Early on Dr. Bangs praises Sensation, the WKC logo Pointer who had died in Babylon in 1887 and says that Naso of Kippen was now the head stud (Pointer) of the club. Presently there is a handsome, young English Pointer who romps at Southards Pond along with a Swiss Mountain Dog and Lab. His owner once told me he was related to “Holly” who happens to be the Pointer owned by a WKC member and Best In Show at last year’s AKC Eukanuba show. Perhaps this Pointer pup’s presence is more than a coincidence. It is dog destiny.
Special Dog for Adoption: “Tucker” is an 18 month old neut. fellow from Afghan Hound Rescue of the Mid-Atlantic (AHROMA). He looks like my Edgar Afghan Poe. Tucker was hit by a car and abandoned at an emergency hospital where he lingered for over 3 months until a client took him home and contacted Afghan Rescue. Via AHROMA, Tucker had his needed hip surgery / rehab and is now fully recovered. He is being fostered in Greenwich, CT where he is happy and active with kids, other dogs and a cat. To find out more, please contact slavtoanaf@ gmail.com or call 484-431-3099.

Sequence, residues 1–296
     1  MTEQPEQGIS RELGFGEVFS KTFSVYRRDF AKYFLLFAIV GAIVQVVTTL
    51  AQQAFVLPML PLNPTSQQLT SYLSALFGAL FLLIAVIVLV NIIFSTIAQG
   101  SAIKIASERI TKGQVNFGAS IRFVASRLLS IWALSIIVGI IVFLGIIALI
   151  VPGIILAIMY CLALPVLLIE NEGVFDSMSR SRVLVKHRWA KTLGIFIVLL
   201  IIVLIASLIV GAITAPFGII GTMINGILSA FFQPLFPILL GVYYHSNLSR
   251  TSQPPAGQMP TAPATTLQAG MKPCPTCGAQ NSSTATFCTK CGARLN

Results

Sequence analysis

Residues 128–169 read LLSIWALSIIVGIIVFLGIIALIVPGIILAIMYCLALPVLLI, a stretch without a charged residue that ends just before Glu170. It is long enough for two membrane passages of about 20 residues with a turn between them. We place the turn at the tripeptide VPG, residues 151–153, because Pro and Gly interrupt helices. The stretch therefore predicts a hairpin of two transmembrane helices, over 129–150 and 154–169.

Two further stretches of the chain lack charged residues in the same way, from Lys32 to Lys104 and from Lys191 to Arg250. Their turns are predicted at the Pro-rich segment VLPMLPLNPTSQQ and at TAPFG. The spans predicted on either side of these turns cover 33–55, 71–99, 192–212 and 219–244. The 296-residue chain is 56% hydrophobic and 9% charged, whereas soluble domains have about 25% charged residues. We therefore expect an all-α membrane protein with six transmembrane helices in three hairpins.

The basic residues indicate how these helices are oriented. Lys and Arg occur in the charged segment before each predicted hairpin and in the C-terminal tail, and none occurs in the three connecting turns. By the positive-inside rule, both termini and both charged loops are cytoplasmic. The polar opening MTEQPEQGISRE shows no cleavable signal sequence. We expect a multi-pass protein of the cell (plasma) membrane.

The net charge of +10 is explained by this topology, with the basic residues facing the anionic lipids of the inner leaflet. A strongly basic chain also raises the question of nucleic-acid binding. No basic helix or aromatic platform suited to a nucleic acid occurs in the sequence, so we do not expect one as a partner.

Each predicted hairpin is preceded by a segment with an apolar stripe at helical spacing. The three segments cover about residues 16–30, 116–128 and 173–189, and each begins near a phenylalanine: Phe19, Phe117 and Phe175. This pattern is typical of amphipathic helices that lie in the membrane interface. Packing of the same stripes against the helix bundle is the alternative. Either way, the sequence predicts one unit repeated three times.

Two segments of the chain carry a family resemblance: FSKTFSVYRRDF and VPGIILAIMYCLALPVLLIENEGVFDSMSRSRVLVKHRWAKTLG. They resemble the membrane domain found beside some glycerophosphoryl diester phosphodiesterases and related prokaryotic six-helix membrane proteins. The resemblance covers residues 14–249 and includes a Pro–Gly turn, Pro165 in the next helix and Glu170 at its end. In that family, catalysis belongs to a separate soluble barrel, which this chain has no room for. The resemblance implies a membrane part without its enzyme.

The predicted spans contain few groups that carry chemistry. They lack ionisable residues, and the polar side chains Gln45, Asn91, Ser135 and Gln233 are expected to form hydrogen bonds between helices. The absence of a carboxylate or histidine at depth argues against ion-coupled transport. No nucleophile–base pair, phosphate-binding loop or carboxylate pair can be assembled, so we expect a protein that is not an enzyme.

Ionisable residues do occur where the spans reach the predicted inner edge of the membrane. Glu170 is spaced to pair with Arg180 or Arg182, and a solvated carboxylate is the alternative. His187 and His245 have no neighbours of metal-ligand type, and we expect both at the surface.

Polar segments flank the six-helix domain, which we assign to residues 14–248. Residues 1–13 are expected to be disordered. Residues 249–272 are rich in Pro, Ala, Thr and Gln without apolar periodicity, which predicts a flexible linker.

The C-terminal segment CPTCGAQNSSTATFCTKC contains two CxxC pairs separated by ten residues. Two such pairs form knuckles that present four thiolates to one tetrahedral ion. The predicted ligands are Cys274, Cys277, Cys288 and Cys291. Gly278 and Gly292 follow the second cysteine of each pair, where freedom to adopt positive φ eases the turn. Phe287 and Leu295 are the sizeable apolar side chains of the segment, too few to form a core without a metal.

Back at Babylon Town Shelter (643-9270) Lamar St. W. Babylon: “ Winston” & “Penny” are the last of 9 cats and a dog that lost their home due to an eviction in May. Both lobby cats are purrsonality plus. They need not be adopted together. The shelter has a huge selection of felines.
Female: older yellow Lab Cage 33; beige Shepherd mix Cage 29; brindle “Roxy” Cage 25; “Hallie” patient Pit Cage 38.
Male: last week’s Jack Russell mix poster pup had dentistry when he was neutered; Lab/Corgi Cage 3; “Teddy” Retriever mix Cage 6; Coonhound mix pup Cage 14.